Love Better

We Spoke to People Who Got Back With Their Ex And Made it Work

“These are all the things that are wrong with you, fix them” isn’t gonna cut it this time. 
polaroid photos of travelling couple
SolStock x VICE

Most of the time, the healthiest thing to do after a break-up is to walk away and not look back. Avoiding the mess that’s an on-and-off relationship is ideal, but occasionally, like, very, very occasionally, getting back together can be for the best. 

VICE chatted to 2 couples –  one who spent 3 months apart and one who split for 4 whole years – who put the mahi in and managed to make it work the second time around. 


Here’s what they had to say.  

RHIANNE AND DAN - Broken up for 3 months, since together 6 years. 

VICE: So what was your relationship like the first time? 

RHIANNE: The vibe of our relationship has always been really fun, just like two fun people, together. But we're both quite independent, and where I feel like we became unstuck was that we entwined ourselves too much. 

Is that why things ended? 

Yeah. Lines in the sand kept changing. And then for me, I was like, I can't move the lines anymore. 

Did you think of that break-up as the end, or were you holding out hope?

Yeah, I genuinely had to go at it and be like, This could be it, because I just couldn't keep moving the lines anymore. 

I think what I wanted to happen was for me to be, like, this is over, this is why, and for him to instantly change. But you can’t do that. That version of it doesn't accept any of the blame on myself. No relationship ends just because of one person. We're both fully involved in that. 

And how long were you apart? 

Three months. 

What was that time like?  

I think we both needed to have time on our own. It was like, Oh, now I'm independent again. And I think that's interesting for couples who have been together for a long time. Because you think that you want to be independent, and you think that that means not being with that person. 

But actually, what it can mean is defining your independence within a relationship. And I think, at a younger age, I thought that I couldn't do the two. And I don't think I could have done both at that time in my life. I think I needed to go through that period of not having Dan in my life, to see me as just me and realise there was a Dan shaped hole. There still would be if we didn't work on fixing things.


I also listened to a lot of Esther Perel. She's, like, the best sex and relationship therapist and she has a podcast called Where Should We Begin? where she gets a couple and will give them a free counselling session, so long as she can record it on the podcast. Obviously there's so much work that went on in getting back together, but I found listening to other couples in Esther's podcast to be a really useful tool in not, like, siloing my own experience of: Why does Dan do this? Why doesn’t he do that?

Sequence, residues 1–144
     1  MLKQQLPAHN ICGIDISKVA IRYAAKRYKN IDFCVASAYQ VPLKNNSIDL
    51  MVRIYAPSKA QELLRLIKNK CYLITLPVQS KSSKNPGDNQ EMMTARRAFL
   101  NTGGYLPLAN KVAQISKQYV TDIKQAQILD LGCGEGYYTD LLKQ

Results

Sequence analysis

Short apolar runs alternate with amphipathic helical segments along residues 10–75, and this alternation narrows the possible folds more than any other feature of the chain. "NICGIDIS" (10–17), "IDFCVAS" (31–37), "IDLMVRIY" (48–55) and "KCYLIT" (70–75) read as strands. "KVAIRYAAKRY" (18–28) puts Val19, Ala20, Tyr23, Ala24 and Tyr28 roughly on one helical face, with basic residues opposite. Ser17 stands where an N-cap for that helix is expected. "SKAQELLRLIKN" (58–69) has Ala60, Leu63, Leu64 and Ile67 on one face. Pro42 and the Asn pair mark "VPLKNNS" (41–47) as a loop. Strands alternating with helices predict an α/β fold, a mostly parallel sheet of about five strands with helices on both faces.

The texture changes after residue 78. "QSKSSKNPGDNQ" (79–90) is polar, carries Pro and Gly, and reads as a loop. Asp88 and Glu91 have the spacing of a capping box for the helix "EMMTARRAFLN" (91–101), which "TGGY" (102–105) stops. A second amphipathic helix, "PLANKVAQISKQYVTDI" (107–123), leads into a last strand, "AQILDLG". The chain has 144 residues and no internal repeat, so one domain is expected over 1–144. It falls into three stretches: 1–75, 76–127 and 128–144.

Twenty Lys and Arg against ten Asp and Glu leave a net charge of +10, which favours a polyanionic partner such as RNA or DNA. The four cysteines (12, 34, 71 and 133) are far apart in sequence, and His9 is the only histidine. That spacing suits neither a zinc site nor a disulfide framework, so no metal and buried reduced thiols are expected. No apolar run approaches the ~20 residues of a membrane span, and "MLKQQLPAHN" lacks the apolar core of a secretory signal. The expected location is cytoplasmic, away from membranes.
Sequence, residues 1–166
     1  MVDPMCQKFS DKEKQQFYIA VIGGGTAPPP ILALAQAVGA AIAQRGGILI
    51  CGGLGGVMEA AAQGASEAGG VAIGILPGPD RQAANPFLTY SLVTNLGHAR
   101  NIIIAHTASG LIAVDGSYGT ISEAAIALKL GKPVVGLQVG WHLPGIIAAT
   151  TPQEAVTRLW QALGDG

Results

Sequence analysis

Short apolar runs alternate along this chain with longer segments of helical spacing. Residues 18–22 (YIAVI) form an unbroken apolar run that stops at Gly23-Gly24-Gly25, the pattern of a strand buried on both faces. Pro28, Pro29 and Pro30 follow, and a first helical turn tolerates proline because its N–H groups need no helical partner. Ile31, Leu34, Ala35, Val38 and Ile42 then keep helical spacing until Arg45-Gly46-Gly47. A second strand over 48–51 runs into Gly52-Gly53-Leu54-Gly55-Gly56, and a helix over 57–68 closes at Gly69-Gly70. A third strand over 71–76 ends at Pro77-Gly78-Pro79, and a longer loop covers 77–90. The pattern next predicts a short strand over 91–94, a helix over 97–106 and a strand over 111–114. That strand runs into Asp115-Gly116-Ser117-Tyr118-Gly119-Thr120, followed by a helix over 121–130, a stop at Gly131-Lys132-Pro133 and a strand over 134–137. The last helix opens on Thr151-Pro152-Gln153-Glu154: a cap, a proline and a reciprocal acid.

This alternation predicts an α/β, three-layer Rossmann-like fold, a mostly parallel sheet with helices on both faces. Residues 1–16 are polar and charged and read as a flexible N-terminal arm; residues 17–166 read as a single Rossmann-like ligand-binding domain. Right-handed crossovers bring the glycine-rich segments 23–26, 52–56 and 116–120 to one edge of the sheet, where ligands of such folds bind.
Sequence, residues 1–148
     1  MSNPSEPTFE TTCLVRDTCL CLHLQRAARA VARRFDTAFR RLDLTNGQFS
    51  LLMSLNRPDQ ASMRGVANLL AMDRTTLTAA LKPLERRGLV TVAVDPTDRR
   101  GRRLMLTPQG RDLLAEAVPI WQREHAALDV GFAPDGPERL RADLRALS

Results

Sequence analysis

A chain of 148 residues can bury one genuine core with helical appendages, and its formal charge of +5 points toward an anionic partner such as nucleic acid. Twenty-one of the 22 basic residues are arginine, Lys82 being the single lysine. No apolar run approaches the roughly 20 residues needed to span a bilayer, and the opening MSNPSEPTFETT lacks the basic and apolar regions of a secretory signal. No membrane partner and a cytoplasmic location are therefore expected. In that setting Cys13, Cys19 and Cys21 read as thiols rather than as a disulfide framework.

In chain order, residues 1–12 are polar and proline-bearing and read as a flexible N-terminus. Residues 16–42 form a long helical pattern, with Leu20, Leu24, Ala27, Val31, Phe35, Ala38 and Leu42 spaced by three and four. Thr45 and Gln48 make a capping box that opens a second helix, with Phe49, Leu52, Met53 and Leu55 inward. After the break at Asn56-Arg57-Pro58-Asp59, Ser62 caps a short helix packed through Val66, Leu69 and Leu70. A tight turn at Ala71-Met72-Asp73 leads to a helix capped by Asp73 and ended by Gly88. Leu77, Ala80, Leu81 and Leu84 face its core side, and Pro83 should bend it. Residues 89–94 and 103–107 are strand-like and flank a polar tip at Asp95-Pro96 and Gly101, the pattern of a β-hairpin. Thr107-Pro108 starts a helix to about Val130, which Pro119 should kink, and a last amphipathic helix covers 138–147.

Hearing from other couples helped me to understand that often these dysfunctions are 50/50.

And how did your relationship start again? 

We gradually started talking again. And when we decided we were going to try again we really figured out the roles we had and what that would look like as two independent people. It wasn’t like restarting the relationship again, because there's all of that history there, but boiling back down to the fun and the excitement and maintaining independence. 

What was different this time? 

So the first time we'd moved in together, after like six months, whereas now when we were getting back together, I was very much like, I'm gonna go and live with friends, you can do the same if you want to, but this is what I want to do. And we dated again for like two years before we then moved back in together. It was the best way to do it. Life can grind you down and you come home from work and you're like, Hey, it's you. Whereas living apart it was like, Hey, let's go on a date! It was fun and exciting again. 


Also, I think before, Dan and I didn't know how to talk to each other about how we felt. I had loads of conversations in my head about our relationship, but like, if you think that you're good at communicating, you might not be.

My friend always said, you can have all these problems that are on one side of the river. And if you don't have communication, which is your bridge, you can't bring any of the problems across to the other person to solve. Without that, everything's just going to stay on one side or the other. So you have to figure out how to communicate.